I bought a Tekonsha trailer emulator and conducted my own tests. I won’t go into all the details of my test results, but I confirmed the technician’s observations. I want get this fixed before I buy the trailer.

Has anyone else had this problem with his or her connector? If so, what was the fix?


Tips and Tricks / Planned Maintenance Program--Downloads
« on: April 27, 2010, 09:18:43 am »
For sake of argument, let us assume that Phoenix sells a well-designed, reasonably well assembled product. Further, if you use your PC properly and maintain it effectively, the PC’s tried and true components will provide years of trouble-free service. I believe that this argument is true. However, it is true only if you use it properly and maintain it effectively.

One approach is to assume that you know what you are doing and just use things until they stop working. However, such a “run to fail” approach often results in inconvenient situations (e.g., stranded in nowhere) and can be very expensive.

The alternative approach is to organize, understand, and use that jumble of manuals and other data that came with your PC. This is what professionals do who operate systems for a living. Their approach, preventive or planned maintenance (PM), requires that operators use equipment as intended and that operators (or higher-level technicians) periodically check and service (e.g., adjust, clean, lubricate, etc.) equipment to keep it working to specification. The objective of PM is to enable operators to use equipment when they need it and to minimize the need for repairs.

So much for theory. I have attached three documents that I used to organize the set of technical data I got with my PC. If you have questions as to where I got the info, why it’s in there, or what it means, I will be glad to answer them in this thread.

Tips and Tricks / Doors Adrift
« on: March 13, 2010, 05:22:43 pm »
I noticed that one of the flip-up doors in the cabinet over the sofa was loose in our 2350S. The hinge screws were loose on the cabinet frame side. I removed a screw and saw that it was only a half-inch #6 particleboard screw. Too short for the job!

Better to get the whole job over with once rather than wait for one failure after another. So, I replaced all 32 such fastners in the three doors over the sofa and the door over the DVD player with one inch #6 particleboard screws. The old short screws hold OK in the hardwood doors.

I had to use a stubby #2 phillips screwdriver and an offset #2 to get all of them all in. The result is that all four doors are attached solidly now to their frames. Particleboard screws have full threads so they grip the frame composite material better than a wood screw. Use steel screws with zinc chromate coating. They are less likey to rust. Black oxide sheetrock screws will work but they can rust.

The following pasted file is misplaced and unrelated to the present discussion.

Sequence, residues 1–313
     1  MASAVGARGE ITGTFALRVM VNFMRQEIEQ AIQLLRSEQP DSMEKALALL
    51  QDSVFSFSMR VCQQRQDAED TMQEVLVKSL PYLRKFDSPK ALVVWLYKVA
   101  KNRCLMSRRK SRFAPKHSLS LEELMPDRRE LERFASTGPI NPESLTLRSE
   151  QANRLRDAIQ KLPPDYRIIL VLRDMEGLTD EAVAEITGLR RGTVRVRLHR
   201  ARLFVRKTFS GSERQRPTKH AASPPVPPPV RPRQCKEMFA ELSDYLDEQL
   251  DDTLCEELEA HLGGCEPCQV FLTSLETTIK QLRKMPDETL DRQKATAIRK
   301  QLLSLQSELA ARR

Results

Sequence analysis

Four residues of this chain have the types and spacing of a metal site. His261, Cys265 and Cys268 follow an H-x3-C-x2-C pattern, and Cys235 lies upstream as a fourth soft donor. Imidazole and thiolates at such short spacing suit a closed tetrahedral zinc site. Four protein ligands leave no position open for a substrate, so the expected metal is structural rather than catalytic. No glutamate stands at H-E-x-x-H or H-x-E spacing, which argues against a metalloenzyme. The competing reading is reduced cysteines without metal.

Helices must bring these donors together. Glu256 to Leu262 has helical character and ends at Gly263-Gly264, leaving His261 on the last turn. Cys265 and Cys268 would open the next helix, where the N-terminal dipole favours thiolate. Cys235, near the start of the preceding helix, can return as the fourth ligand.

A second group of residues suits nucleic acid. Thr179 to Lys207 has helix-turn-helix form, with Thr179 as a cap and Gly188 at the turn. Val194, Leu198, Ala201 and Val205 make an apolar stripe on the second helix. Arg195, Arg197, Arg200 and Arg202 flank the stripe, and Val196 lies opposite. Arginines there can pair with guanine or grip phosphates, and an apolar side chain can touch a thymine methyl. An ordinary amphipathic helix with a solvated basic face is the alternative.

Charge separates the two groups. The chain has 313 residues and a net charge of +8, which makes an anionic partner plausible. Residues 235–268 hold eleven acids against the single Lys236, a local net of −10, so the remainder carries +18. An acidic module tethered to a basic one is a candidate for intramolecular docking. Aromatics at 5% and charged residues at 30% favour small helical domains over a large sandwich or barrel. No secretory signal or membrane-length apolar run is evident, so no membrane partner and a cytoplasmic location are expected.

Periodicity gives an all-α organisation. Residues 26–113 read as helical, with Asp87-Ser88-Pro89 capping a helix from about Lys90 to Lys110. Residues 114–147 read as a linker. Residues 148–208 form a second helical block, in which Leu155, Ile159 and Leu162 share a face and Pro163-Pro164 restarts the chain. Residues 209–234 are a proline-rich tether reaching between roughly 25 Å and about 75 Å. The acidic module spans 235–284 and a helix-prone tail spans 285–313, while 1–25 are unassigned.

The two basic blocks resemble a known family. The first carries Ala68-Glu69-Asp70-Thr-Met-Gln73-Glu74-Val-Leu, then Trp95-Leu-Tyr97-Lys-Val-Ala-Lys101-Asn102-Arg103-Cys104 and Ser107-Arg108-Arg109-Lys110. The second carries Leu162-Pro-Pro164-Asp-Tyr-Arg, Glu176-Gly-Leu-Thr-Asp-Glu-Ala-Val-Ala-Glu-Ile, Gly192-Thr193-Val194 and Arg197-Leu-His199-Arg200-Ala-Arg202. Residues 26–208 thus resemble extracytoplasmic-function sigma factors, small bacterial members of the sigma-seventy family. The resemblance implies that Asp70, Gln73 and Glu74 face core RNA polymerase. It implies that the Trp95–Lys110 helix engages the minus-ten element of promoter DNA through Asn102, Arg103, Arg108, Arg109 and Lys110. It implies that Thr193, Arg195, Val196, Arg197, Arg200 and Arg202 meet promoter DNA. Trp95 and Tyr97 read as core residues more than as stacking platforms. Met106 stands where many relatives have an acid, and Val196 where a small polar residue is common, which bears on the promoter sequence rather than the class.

If the new ones do not work, I'll replace them with one and one-half inch screws.

Tips and Tricks / Strip & Heating
« on: March 03, 2010, 04:42:10 pm »
I have spent a few nights camping with temperatures below freezing. I was plugged into the campground 120 30A AC. I found that the stripheater in the AC unit will keep the interior just about 30 degrees warmer than the exterior at least down to about 28 degrees. At that temperture the unit ran pretty much full time with the slide out. With the slide in and 32 degrees outside the unit seem to run about half time.

At home in the driveway and plugged in to 30A, I have the slide in and use a 1500W coil heater. I set the propane furnace at 45 degrees and set the 1500W heater to about 48 degrees. This has worked well down to an outside temperature of 16 degrees. I leave the water heater on electric. So far so good. We also have the double-pane windows.

Adventure Anywhere / Raleigh RV Show
« on: March 01, 2010, 11:17:37 am »
I went to the 21st Annual RV Show at the NC State Fairgrounds in Raleigh, NC this weekend. I camped at the fairgrounds. The campsite is full-service (30 and 50A, water, pump out and trash pickup) but an austere place. On the plus side, it’s close to the show venue and the security is provided by uniformed police. It cost $25 per night. I would stay there again if I were in business in Raleigh.

I enjoyed the show. It featured a $1.8M Class A that seemed like a glossy freight car-sized road machine on the outside and a luxury New York condo on the inside.

I looked over the numerous Sprinter-based units since we have the 2350S. Winnebago uses the Sprinter chassis for a Class B (Era), a C (View and View Profile), and surprisingly a 25ft 6in A (the Via). The View Profile is somewhat similar to our PC 2350. Comparing units based on price, layout, features, and build quality; we’re quite happy with our PC 2350S.

Many units at the show featured outside home theaters and cooking facilities that pop out from the unit’s side. These features are not things that I personally lust for. However, an external gas tap for a grill under the awning would be a nice feature on the 2350.

Tips and Tricks / What's Level?
« on: February 23, 2010, 09:56:56 am »